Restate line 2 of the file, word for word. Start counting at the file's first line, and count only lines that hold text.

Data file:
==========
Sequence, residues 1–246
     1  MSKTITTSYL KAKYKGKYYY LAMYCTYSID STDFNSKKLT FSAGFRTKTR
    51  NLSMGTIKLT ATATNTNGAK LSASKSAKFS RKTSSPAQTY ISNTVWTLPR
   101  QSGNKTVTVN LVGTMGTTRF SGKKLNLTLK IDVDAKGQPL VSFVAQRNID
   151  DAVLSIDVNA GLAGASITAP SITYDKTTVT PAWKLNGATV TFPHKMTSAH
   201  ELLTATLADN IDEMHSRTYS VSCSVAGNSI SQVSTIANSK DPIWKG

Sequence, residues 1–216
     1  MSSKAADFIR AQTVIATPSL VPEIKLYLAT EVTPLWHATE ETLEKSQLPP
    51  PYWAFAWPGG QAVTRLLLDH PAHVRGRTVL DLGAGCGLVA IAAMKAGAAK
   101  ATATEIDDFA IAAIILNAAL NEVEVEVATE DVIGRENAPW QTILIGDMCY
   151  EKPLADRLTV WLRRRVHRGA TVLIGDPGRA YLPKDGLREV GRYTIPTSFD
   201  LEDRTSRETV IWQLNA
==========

     1  MSKTITTSYL KAKYKGKYYY LAMYCTYSID STDFNSKKLT FSAGFRTKTR